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AZ, Merck get first okay for selumetinib in genetic disease NF1

First drug to be approved to treat patients with incurable disorder

AstraZeneca building

The FDA has become the first regulator worldwide to approve AstraZeneca and Merck & Co/MSD’s selumetinib for neurofibromatosis type 1 (NF1), a rare genetic disease affecting the skin.

MEK 1/2 inhibitor selumetinib failed to hit the mark in various cancer trials, but now has a new lease of life in NF1. It has become the first drug to be approved to treat patients with the incurable disorder, which results in coffee-coloured patches on the skin as well as non-cancerous tumours on nerves in the skin and other tissues.

Selumetinib will be sold under the Koselugo brand name  in the US and has been cleared by the FDA to treat people with NF1 with so-called plexiform neurofibromas (PN) – large tumours which develop on nerve junctions that can cause symptoms like pain, weakness, numbness, bleeding, or bladder or bowel changes – that occur in around 30-50% of all NF1 cases.

The disease affects one in 3,000 to 4,000 newborns worldwide, according to AZ and Merck. The partners have filed for approval of Koselugo in Europe and say “further global regulatory submissions are being evaluated”.

There are several other MEK inhibitor drugs already on the market, including Novartis’ Mekinist (trametinib), Pfizer’s Mektovi (binimetinib) and Roche’s Zelboraf (vemurafenib) – all licensed for use in melanoma – but none in this indication.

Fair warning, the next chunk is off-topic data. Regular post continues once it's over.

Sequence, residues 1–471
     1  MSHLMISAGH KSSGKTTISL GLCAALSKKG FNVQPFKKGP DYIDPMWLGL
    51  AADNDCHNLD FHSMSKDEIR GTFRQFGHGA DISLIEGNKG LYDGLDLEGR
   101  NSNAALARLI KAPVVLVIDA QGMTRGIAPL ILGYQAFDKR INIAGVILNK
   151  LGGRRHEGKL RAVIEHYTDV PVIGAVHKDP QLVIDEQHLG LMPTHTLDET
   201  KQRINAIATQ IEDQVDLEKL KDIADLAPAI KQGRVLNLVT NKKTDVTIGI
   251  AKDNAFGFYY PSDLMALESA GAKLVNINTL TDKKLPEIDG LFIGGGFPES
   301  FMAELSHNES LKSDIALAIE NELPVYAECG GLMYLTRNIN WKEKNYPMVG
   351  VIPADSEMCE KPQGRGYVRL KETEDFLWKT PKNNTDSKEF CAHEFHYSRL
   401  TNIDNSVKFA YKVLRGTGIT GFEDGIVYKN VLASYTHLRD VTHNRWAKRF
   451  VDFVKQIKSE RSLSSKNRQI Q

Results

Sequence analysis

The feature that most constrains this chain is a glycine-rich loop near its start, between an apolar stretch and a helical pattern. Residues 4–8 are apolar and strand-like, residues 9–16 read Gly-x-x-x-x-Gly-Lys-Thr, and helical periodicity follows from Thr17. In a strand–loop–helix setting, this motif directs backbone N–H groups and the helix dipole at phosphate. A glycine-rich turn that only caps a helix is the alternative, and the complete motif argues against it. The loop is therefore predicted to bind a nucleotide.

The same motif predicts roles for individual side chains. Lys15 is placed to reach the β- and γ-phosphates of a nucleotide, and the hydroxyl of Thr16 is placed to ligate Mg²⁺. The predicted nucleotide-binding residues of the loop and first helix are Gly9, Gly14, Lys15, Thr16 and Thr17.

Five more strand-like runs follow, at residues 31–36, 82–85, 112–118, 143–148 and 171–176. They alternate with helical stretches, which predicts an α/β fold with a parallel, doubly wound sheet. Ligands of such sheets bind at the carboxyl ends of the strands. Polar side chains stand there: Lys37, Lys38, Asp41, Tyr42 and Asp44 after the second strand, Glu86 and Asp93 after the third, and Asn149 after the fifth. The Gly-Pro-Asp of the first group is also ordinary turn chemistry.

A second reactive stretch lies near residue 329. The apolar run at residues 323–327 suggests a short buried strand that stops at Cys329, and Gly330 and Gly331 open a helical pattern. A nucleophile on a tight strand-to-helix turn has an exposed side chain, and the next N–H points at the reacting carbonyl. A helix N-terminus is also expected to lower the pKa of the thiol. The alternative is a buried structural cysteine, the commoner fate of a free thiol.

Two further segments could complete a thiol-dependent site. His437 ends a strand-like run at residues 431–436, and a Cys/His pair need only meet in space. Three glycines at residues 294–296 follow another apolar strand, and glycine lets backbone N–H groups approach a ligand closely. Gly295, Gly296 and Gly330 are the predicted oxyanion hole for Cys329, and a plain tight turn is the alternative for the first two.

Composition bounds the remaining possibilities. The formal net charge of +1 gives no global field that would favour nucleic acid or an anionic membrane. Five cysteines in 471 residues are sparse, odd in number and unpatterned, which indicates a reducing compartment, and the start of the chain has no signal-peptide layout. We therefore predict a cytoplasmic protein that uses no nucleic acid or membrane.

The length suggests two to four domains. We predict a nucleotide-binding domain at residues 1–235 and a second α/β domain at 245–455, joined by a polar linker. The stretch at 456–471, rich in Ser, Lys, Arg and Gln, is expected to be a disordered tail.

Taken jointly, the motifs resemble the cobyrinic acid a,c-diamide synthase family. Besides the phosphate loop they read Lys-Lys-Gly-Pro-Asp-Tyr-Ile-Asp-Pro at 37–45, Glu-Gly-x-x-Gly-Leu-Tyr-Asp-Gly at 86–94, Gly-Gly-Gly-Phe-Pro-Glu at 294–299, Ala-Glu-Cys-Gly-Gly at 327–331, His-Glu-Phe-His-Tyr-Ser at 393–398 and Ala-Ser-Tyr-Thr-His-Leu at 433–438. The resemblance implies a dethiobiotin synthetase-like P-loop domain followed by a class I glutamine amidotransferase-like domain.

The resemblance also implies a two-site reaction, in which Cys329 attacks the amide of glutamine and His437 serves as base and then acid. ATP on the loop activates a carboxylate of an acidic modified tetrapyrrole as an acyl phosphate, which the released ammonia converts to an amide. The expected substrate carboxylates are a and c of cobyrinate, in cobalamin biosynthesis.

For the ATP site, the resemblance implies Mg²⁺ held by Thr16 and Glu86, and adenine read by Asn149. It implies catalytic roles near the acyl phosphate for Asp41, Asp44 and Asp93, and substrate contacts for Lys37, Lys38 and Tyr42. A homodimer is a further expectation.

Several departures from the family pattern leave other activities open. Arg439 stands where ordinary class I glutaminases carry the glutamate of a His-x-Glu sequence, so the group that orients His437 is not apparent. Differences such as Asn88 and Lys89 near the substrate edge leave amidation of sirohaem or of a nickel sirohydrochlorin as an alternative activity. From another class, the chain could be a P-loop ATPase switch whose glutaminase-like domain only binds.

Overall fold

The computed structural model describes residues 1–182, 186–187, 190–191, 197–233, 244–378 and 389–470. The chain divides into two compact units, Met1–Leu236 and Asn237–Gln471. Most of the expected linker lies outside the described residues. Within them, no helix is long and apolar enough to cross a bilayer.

The FDA approval gives AZ and Merck a much coveted priority review voucher, which rewards companies who develop drugs for rare disease and can be used to cut the review time for a future drug to six months.

The FDA approval is based on phase 2 data from the SPRINT trial, testing selumetinib as a twice-daily oral monotherapy in paediatric patients, aged three years or older with inoperable NF1-related PN. These results were presented by the National Cancer Institute (NCI) at 2018’s ASCO congress, and the drug is also in phase 3 trials.

Koselugo isn’t expected to be a big earner for AZ and Merck as NF1 is rare, with analysts predicting peak sales of $200m to $250m or so, but it is a big step forward for patients with the disease.

“This announcement from the FDA about Koselugo…is a tremendous step towards our ultimate dream – approved treatments for all forms of neurofibromatosis,” commented Annette Bakker, president of the Children’s Tumour Foundation (CTF) in the US which represents patients with NF.

“We believe that FDA approval of this treatment helps not only a subset of NF1 patients, but also opens the door to increased interest in all forms of NF by pharmaceutical companies. We are already experiencing it – the number of companies interested in NF1, NF2 and schwannomatosis is growing rapidly,” she added.

Other MEK inhibitors are also now in clinical trials, including mirdametinib from SpringWorks Therapeutics, a company which the CTF helped spin off from Pfizer.

Meanwhile, selumetinib hasn’t been abandoned entirely in cancer, and AZ’s latest pipeline update suggests it is testing the drug in combination with its checkpoint inhibitor Imfinzi (durvalumab) in solid tumours, and alongside EGFR inhibitor Tagrisso (osimertinib) in EGFR-positive non-small cell lung cancer (NSCLC).

AZ in-licensed selumetinib from Array BioPharma in a $95m deal signed in 2003, and joined forces with Merck on the drug in 2017 as part of their wide-ranging oncology alliance.

Article by
Phil Taylor

14th April 2020

From: Research



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